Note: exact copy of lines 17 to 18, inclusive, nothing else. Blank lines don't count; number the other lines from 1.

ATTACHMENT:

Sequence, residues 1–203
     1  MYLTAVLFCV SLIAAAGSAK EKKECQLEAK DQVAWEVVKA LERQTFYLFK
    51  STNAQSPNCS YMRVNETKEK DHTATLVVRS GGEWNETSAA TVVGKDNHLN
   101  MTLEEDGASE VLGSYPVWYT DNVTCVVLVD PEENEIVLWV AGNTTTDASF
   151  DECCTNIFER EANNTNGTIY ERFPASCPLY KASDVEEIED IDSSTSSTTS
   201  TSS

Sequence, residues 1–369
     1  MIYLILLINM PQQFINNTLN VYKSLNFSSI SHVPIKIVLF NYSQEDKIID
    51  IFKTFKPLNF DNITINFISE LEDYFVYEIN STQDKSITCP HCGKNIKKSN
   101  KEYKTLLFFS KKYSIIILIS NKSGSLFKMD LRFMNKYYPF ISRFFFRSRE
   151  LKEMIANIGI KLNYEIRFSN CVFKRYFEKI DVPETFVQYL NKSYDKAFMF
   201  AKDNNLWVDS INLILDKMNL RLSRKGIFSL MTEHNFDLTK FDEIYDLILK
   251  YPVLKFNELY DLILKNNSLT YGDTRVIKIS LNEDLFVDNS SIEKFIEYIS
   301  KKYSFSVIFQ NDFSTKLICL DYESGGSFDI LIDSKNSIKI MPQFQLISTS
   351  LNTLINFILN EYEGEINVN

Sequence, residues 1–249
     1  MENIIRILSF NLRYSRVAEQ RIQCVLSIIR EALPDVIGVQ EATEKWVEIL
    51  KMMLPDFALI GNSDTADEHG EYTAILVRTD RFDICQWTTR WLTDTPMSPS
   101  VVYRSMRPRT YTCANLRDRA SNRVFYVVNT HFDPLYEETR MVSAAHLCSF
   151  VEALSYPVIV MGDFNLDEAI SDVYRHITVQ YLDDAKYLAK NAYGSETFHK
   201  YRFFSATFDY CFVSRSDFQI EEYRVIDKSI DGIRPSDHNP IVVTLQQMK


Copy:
     1  MENIIRILSF NLRYSRVAEQ RIQCVLSIIR EALPDVIGVQ EATEKWVEIL
    51  KMMLPDFALI GNSDTADEHG EYTAILVRTD RFDICQWTTR WLTDTPMSPS